George Saunders, the celebrated fiction writer, was doing quite well writing short stories – winning prizes, earning acclaim, making a living. Yet novels remained elusive. “It’s like being a builder of custom yurts and then someone asks you to build a mansion. You say, ‘No, I don’t do that,’” Saunders said. “But wait a minute, maybe I could just put a bunch of those little yurts together.” Saunders did write a novel in the end, and “Lincoln in the Bardo” went on to win the Booker Prize. His comments come from an episode… read more » about Critics and Authors Talk Literature in Novel Dialogue Podcast from Duke English

A March 24 panel discussion in response to the increase of violence against people of Asian descent, including the mass shootings in Atlanta earlier this month, attracted more than 670 Duke faculty, staff and students. Moderated by Nayoung Aimee Kwon, the online event featured presentations on the historical context of anti-Asian violence from Susan Thananopavarn, Eileen Chow and Esther Kim Lee. Syllabus on Asian-American History and Culture In response to recent acts of violence against Asian Americans stemming from a… read more » about The History of Violence Against Asian Americans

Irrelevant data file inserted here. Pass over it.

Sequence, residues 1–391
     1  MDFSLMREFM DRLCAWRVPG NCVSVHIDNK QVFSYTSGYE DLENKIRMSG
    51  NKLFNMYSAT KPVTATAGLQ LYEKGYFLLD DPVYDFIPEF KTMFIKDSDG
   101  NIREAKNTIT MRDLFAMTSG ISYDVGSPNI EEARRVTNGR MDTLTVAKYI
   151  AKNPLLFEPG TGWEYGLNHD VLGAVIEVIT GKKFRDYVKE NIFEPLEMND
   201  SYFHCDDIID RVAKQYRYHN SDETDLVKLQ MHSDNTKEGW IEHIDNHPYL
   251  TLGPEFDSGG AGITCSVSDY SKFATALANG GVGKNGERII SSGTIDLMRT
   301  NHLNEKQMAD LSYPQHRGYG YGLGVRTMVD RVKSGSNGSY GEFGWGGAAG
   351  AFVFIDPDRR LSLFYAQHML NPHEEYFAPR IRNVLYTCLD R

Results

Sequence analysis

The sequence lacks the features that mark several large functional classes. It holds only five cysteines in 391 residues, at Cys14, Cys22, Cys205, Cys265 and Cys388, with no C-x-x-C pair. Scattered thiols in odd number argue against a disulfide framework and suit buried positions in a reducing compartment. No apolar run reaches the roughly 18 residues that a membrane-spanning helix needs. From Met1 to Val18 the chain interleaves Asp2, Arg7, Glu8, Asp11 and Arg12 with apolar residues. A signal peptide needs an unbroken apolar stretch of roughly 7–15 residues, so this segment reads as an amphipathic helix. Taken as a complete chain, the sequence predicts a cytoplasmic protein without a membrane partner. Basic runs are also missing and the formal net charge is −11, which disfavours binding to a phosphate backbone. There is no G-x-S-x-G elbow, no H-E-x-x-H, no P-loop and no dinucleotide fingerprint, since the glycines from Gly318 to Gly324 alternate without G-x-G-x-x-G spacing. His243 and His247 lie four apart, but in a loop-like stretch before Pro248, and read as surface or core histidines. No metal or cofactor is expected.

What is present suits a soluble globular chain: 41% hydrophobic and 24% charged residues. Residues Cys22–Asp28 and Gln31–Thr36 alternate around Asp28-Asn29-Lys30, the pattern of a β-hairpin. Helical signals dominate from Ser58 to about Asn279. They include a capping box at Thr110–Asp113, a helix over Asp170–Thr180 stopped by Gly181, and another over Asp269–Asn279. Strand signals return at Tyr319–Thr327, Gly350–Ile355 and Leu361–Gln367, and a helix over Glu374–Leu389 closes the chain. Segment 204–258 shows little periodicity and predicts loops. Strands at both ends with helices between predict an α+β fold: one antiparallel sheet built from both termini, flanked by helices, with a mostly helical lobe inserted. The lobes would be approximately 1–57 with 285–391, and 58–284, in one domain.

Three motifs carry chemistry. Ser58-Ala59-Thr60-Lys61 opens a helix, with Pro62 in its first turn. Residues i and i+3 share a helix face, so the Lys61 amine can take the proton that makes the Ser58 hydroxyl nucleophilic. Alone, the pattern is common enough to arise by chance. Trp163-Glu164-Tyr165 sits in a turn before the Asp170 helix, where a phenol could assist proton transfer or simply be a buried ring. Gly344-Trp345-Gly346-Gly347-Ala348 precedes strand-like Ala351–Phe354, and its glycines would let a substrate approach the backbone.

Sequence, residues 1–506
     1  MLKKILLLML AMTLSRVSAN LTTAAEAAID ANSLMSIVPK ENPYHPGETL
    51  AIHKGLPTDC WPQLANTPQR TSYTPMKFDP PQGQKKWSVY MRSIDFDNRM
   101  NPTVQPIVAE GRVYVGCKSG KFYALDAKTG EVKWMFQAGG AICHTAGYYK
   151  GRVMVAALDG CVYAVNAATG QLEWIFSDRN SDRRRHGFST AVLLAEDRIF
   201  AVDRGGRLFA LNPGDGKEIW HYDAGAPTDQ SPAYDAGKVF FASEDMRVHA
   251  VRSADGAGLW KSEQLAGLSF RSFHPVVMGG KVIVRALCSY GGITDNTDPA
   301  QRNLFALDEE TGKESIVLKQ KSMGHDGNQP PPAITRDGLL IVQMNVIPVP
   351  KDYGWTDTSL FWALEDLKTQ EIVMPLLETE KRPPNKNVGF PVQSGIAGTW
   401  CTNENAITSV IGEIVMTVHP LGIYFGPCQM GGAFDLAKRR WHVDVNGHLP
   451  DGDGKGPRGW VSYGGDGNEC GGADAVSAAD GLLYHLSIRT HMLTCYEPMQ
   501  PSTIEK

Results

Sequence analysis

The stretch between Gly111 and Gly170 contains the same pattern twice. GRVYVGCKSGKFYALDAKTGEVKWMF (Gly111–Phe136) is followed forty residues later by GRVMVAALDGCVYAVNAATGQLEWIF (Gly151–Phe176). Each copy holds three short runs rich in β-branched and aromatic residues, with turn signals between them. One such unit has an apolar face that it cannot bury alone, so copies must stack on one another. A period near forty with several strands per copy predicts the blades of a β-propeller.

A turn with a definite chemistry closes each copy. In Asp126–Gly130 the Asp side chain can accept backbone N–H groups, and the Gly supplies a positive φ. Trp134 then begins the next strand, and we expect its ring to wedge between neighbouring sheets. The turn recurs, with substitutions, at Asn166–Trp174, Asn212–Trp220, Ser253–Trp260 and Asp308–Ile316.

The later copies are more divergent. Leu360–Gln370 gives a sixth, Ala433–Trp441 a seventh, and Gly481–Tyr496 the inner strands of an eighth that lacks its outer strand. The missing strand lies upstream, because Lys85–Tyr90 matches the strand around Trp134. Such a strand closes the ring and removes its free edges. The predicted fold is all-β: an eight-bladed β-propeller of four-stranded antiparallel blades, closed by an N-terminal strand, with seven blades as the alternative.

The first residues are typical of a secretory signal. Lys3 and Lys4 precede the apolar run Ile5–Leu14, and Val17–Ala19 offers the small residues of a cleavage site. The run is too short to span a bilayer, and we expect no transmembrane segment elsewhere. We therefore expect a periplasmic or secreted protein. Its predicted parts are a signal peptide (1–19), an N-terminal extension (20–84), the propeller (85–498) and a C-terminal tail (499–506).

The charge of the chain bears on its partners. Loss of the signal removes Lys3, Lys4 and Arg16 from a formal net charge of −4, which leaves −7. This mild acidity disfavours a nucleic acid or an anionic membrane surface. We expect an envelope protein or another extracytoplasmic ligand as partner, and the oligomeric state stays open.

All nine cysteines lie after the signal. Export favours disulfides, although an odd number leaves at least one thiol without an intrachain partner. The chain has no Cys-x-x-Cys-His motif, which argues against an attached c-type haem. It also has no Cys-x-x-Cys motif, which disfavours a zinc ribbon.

While social media platforms can employ algorithms and other tools to help improve the level of public debate, the best way to decrease outrage and polarization is for everyone involved to be responsible for their own online behavior, three Duke experts said Wednesday. Speaking to journalists during a digital media briefing, the three scholars discussed civility, the powers and limits of big platforms like Facebook and Twitter, and the many misperceptions people have about those on the ‘other side’ of the political divide… read more » about Don’t Like Online Outrage? Look Inward

Henry Newson Professor of Physics Haiyan Gao has been named the next Associate Laboratory Director for Nuclear and Particle Physics at Brookhaven National Laboratory, according to a March 30 announcement from the research center. Brookhaven is home to one of the world’s largest existing particle accelerators, the Relativistic Heavy Ion Collider, and also hosts the brightest x-ray synchrotron in the world. Research conducted at Brookhaven has had impacts in fields ranging from physics and materials to biology and medicine… read more » about Duke Physicist to Again Lead Premier National Lab